According to the University of Cambridge, Darwin’s iconic notebooks, which have been missing for years, have been stolen

It is possible that two notebooks by the famous British naturalist Charles Darwin, written in 1837 in 1837 and missing for years, were stolen from the Library of the University of Cambridge, curators said.

It is estimated that millions of dollars are worth of Darwin’s celebrated “Tree of Life” sketch, which the 19th-century scientist used to illustrate early ideas about evolution. Officials at the Cambridge University Library say the two notebooks have been missing since 2001 and are now thought to have been stolen.

“I’m sad that the location of these Darwin notebooks, including Darwin’s iconic ‘Tree of Life’ drawing, is currently unknown, but we are determined to do everything we can to discover what happened and not leave a rock in the process.” Jessica Gardner, university librarian and director of library services, made the statement.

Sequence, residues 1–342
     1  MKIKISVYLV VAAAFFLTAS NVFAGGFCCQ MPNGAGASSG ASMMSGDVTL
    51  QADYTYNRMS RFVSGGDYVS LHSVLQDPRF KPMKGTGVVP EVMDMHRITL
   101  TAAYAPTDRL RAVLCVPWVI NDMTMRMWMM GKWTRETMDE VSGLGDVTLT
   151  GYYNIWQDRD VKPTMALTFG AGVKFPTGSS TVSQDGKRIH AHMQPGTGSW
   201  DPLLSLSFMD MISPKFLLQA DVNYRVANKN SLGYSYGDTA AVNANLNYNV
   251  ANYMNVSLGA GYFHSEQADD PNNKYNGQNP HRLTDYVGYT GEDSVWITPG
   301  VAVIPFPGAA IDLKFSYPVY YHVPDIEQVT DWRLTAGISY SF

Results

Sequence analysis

The manuscripts known as the Transmutation Notebook were written by Darwin after returning from orbiting the world aboard the HMS Beagle. The ambitious survey mission, conducted between 1831 and 1836, helped to shape the scientist’s view of species classification, natural selection, and evolution.

Darwin’s fundamental work, “On the Origin of Species,” was published more than two decades after scribbling his iconic “Tree of Life” sketch in one of the missing notebooks.

The lost manuscripts were initially thought to have been housed in the university’s vast archive, which contains roughly 10 million books, maps and other objects. But an exhaustive search launched in early 2020 — according to Gardner, “the greatest search in the library’s history” —has failed to showcase the booklets and is now reported as theft.

According to officials at the University of Cambridge, a police investigation is underway and the notebooks have been added to Interpol’s database of stolen works of art.

The library also asks the public for help with information about lost notebooks.

“Someone may have knowledge or insight somewhere that can help bring these notebooks back to the right place at the heart of the UK’s cultural and scientific heritage,” Gardner said.

Information about missing laptops can be reported to the Cambridge University Library at [email protected], or anonymously to Cambridgeshire Police or Crimestoppers.